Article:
I love a good snooze. Entering my beloved dream world constitutes my most consistent day-to-day goal. But it can be challenging finding a good enough chunk of time to get some shut-eye when burdened with essays, exams, emails, essays and more essays. Yet, no matter how hard I try to secure the doctor-recommended eight hours of sleep, my energy levels somehow manage to only allow me six, on average. And no matter how content I am with my zzz’s, people still tell me I need eight hours to succeed. Empirically, they’re right. Studies show time and again that adults need between seven and nine hours of sleep. But it’s also important for students to individualize their sleeping habits, as this can greatly impact overall well-being.

For example, when I get too much sleep, I’m often much more tired throughout the day and find myself in need of a nap. Too little sleep, and I’m struggling to stay alert. Six hours seems to be perfect for me, which is to say students struggling with sleep-related stress should learn how their bodies react to over- or under-sleeping. Apps like the Sleep Cycle alarm clock are perfect for storing and organizing data like sleep quality and hours slept. This kind of tool can help students better understand their sleep-related needs and better acquaint themselves with their own biological clocks.

Honestly, it’s tough having a non-traditional sleep schedule. When society decides to wake up at 8 a.m. and go to sleep after 10 p.m., it can be difficult operating on a different circadian rhythm. What’s even more fascinating is the wide array of slumber patterns that coexist on campus. One of my friends, for example, goes to bed at 10 p.m. every night and wakes up at 6 a.m., without fail, each morning. He then eats breakfast, exercises for a bit and finishes up any remaining schoolwork. One of my roommates, on the other hand, lives each day as an independent entity, separate from the other days in the week. I remember finding him one early morning wide awake after getting up at 2:30 a.m., going to the local mosque for the Islamic dawn-time prayer and going on a run by the Huron River. Needless to say, he crashed at around 9 a.m. In his own words, “as long as you make up your sleep at some point, you’re good.”

Being around different sleeping styles makes me question why I’m such a night owl. I think it’s because I value nighttime differently than the daytime. In the daytime, I can see how much of the day is left depending on the angle of the sun and the lengths of the shadows. This creates an hourglass effect for me. No matter what time of day it is, I feel like there’s still much more to do before that ever-oncoming sunset. The day is always fleeting, and unless I can “carpe diem,” I’m left worrying about what’s still on the to-do list.

But nighttime is different. It’s more quiet, more stable, more blissfully abundant in opportunities. In the night, my mind shifts into productivity mode. Creativity flows through my fingers and ink flows as I make calligraphy. Words connect in coveted eloquence as I write papers I had procrastinated. There are fewer people active on social media, fewer mass emails being sent and fewer interruptions to my focus. The only downside? It’s so hard to find an open restaurant in the middle of the night to work at.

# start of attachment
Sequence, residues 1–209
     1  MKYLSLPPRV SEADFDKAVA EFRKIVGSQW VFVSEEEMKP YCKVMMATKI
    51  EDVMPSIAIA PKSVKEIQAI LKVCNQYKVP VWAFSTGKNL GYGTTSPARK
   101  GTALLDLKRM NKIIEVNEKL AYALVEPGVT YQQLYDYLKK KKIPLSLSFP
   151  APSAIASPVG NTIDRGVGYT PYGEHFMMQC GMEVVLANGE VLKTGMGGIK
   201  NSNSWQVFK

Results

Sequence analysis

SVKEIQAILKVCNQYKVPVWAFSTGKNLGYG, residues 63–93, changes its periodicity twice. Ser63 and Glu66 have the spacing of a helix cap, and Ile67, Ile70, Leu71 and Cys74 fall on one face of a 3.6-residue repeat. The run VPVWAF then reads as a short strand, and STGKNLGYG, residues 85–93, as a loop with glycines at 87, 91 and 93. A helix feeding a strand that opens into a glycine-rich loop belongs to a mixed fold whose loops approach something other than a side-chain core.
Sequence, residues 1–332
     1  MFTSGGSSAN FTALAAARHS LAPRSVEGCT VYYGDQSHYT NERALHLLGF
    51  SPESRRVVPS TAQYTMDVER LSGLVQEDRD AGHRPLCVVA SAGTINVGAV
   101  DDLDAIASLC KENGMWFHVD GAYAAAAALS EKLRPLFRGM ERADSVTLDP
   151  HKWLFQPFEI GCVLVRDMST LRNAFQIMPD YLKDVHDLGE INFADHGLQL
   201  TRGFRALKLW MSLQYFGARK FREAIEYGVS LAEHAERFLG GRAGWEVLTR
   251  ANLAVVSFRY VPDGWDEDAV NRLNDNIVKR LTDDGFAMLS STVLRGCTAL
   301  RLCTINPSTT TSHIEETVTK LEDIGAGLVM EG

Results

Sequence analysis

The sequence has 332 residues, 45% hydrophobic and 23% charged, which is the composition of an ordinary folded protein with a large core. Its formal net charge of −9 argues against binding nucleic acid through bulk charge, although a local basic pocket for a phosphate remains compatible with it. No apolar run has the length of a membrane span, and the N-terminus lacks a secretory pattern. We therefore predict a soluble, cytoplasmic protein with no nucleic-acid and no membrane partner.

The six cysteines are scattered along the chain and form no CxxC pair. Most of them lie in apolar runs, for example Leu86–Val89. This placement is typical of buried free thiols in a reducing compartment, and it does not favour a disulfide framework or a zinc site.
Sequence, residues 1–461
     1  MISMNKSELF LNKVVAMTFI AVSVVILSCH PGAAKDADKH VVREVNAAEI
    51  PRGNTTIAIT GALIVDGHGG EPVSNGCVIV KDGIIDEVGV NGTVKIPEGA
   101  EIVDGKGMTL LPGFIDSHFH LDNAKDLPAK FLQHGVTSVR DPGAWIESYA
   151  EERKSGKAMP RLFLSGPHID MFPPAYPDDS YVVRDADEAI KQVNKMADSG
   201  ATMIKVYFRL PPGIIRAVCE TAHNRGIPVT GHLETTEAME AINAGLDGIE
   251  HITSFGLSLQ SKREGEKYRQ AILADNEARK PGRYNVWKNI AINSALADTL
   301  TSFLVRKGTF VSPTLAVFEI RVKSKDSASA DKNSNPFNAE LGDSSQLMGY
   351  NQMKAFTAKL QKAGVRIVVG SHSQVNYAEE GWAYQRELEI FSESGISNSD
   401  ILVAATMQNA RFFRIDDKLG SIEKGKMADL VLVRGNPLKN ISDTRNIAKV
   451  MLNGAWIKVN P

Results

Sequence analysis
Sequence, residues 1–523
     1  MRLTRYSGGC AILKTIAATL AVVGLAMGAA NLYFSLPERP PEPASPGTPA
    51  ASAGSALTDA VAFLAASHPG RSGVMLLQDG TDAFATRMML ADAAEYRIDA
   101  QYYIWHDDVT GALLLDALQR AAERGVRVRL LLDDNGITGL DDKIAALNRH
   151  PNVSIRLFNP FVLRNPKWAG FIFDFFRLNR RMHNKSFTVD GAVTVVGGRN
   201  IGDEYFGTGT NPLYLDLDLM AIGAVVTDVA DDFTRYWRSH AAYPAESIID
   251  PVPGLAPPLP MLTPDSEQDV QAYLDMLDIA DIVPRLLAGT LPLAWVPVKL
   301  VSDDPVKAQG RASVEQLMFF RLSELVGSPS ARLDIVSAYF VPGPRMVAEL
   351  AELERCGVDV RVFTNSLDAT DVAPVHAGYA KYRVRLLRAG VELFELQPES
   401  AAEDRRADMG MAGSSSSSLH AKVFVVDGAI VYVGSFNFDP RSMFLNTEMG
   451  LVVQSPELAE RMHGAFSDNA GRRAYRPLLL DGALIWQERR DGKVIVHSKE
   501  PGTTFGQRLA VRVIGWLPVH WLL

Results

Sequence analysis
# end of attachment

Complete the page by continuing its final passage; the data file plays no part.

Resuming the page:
Nighttime is also filled with fewer requirements and greater discretion on how I can use my time. I have a nightly routine that really helps maximize my happiness. Happiness is an odd variable, because it can’t be quickly quantified, like hours spent working or sleeping. Based on my experiences, however, going to sleep happier, even if that means fewer minutes of sleep, keeps my stress levels low. Each night, I finish my homework, watch some Netflix with my roomies and make my best efforts to pray the night “salah,” one of the five Islamic daily prayers. Praying, for me, is a form of meditation. It’s integral to ensuring I go to sleep clear-headed and focused on what I find important.

With exams right around the corner, it’s the perfect time to maximize healthiness and happiness through individualized sleeping styles. In my case, there are some nights when an extra 30 minutes of sleep seems to outweigh praying “salah.” However, those extra 30 minutes don’t offer me the same meditative and relaxing utility I get from praying. In this instance, I’m breaking free from the cookie-cutter approach to sleep in order to get a better night’s rest by praying, even if it means sleeping for a bit less. I encourage students to critically think about the days they feel more rested or happier and how their style and duration of sleep influences this so everyone can make individualized, informed decisions when it’s time to hit the hay.

Ibrahim Ijaz can be reached at iijaz@umich.edu.

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